Macrophage Inflammatory Protein 1 and CCR5 as Attractive Therapeutic Targets for HIV Infection
Chemokines play key roles in inflammatory and immune responses mediated by their respective target cell populations. For instance, release of chemokines from inflammatory cells is a crucial step in the recruitment of cells needed to establish local inflammatory responses (e.g. rheumatoid arthritis). Moreover, recent advances in our understanding of the pathogenesis of human immunodeficiency virus (HIV) infection have revealed that chemokines and chemokine receptors are crucially involved in the molecular mechanism of HIV entry into target cells. Studies have shown that the chemokine receptor CCR5 serves as a critical coreceptor during the viral entry stage of HIV infection, while its ligands macrophage inflammatory protein (MIP)-1α and β and RANTES act as endogenous inhibitors of HIV infection. This makes chemokine/chemokine receptor systems an attractive potential target for the development highly specific drugs with which to improve the management of HIV. This review will discuss the latest developments in the research on chemokine/chemokine receptor systems, especially MIP-1 and CCR5, with a particular focus on their role in the mechanism of HIV infection and on the development of effective therapies against acquired immunodeficiency syndrome (AIDS).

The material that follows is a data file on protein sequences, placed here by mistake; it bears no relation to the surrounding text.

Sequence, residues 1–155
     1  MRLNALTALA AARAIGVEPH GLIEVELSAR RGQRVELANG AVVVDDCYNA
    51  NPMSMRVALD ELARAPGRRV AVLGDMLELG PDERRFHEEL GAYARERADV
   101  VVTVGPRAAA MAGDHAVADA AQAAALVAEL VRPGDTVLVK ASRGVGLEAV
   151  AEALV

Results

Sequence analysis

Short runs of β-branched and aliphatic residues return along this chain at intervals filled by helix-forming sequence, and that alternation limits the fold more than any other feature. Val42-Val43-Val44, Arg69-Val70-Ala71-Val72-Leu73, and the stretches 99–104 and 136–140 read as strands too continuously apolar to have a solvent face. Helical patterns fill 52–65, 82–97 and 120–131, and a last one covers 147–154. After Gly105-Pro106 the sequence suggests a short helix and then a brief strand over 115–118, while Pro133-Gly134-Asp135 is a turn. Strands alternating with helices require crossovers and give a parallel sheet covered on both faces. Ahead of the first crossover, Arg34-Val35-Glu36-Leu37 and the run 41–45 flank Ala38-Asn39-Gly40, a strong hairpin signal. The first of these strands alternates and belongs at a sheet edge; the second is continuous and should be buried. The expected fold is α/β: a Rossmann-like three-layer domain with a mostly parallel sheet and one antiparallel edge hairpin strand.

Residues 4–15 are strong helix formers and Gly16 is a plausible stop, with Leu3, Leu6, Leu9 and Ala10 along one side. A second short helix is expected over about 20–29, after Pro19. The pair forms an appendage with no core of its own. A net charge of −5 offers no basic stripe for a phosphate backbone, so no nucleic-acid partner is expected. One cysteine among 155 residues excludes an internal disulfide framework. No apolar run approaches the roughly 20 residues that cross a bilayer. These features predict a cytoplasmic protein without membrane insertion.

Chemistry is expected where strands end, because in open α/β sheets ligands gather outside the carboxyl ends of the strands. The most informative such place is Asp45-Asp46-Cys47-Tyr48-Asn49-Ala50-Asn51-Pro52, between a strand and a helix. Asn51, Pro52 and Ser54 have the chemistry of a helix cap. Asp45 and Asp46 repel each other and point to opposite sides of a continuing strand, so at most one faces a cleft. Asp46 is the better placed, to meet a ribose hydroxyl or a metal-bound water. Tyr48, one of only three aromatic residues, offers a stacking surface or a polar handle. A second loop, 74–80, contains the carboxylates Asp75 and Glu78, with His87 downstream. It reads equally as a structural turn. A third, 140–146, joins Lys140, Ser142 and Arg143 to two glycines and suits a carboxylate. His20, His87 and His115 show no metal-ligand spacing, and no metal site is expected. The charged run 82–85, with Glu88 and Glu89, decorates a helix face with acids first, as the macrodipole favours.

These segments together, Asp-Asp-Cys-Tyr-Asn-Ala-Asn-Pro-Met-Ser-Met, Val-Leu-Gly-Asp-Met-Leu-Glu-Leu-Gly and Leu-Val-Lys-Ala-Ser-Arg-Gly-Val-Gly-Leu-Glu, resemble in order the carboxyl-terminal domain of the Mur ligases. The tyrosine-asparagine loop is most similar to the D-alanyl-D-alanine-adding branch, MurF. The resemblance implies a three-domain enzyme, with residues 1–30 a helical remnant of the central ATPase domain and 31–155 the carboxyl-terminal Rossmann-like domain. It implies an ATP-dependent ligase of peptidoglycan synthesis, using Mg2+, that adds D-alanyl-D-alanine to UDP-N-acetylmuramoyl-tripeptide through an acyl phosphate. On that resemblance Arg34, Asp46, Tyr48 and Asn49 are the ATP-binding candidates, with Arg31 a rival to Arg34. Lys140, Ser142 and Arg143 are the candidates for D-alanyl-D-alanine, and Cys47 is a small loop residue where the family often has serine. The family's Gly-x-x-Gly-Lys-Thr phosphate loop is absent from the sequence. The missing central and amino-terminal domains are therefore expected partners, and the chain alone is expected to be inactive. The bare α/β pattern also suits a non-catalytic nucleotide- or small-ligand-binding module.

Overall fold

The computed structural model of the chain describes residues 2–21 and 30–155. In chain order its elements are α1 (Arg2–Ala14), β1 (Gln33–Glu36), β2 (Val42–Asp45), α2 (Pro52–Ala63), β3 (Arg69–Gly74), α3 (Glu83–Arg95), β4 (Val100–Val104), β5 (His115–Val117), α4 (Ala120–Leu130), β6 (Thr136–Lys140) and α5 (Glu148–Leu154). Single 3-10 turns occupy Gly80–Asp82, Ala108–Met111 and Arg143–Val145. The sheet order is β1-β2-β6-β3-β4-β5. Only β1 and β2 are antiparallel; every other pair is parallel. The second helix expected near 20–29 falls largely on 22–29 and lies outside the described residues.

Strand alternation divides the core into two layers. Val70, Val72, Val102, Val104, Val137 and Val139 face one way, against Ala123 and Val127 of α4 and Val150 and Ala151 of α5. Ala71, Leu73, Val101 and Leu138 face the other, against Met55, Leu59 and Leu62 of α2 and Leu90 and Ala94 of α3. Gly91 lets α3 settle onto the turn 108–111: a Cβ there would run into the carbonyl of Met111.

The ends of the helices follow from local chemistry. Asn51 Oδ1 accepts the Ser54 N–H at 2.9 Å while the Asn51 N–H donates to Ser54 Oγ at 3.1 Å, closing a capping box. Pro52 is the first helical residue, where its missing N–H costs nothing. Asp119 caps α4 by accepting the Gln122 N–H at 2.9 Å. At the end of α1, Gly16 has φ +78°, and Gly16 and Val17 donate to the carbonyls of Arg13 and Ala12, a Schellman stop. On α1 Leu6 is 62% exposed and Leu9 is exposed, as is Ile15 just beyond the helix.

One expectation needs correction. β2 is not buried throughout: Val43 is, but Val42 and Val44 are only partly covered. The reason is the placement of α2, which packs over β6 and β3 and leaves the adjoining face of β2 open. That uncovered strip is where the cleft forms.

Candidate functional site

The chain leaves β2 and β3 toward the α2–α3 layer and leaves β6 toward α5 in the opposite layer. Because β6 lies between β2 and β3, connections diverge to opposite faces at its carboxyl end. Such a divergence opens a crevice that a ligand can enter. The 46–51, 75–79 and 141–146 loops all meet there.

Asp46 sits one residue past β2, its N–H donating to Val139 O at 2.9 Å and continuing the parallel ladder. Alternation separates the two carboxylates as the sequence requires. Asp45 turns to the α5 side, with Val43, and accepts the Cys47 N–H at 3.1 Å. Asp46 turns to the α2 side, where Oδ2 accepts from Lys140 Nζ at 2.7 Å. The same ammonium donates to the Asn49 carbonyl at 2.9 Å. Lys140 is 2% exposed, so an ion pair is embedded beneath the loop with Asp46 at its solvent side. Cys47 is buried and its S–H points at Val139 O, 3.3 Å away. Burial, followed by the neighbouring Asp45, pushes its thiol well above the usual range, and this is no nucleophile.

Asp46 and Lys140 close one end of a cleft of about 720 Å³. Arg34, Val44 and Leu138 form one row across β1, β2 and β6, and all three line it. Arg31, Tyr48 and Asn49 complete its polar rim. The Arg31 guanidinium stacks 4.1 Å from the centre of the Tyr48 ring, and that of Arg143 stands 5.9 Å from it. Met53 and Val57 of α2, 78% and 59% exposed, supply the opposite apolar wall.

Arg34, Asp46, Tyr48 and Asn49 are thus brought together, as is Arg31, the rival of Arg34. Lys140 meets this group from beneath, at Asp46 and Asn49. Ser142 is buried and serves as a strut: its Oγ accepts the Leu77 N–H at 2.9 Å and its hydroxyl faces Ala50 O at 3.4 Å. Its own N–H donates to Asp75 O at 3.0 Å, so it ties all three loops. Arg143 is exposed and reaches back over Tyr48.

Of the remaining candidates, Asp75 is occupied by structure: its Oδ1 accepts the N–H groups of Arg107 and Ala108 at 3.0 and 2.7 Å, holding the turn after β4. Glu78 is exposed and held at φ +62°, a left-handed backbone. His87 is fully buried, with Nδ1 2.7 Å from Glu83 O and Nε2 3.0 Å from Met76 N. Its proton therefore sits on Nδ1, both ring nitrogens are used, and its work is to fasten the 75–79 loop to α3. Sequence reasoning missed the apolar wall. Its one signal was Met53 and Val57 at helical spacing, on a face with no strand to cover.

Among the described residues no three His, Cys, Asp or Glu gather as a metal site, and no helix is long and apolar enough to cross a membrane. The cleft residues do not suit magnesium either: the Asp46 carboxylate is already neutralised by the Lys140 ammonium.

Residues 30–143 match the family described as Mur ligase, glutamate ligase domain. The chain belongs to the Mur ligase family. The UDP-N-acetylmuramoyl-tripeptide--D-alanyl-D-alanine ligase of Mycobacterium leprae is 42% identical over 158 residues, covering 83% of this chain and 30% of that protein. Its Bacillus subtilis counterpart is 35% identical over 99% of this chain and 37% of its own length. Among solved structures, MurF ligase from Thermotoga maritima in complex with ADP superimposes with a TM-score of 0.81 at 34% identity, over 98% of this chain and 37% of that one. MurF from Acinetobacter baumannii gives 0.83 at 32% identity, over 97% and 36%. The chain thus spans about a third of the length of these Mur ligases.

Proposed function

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Document Type: Research Article
Division of Rheumatology and Clinical Immunology, First Department of Internal Medicine, Showa University School of Medicine, 1-5-8 Hatanodai, Shinagawa-ku, Tokyo 142-8666, Japan.
Publication date: 2006-11-01
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Recent Patents on Anti-Infective Drug Discovery publishes review articles on recent patents in the field of anti-infective drug discovery e.g. on novel bioactive compounds, analogs & targets. A selection of important and recent patents on anti-infective drug discovery is also included in the journal. The journal is essential reading for all researchers involved in anti-infective drug design and discovery.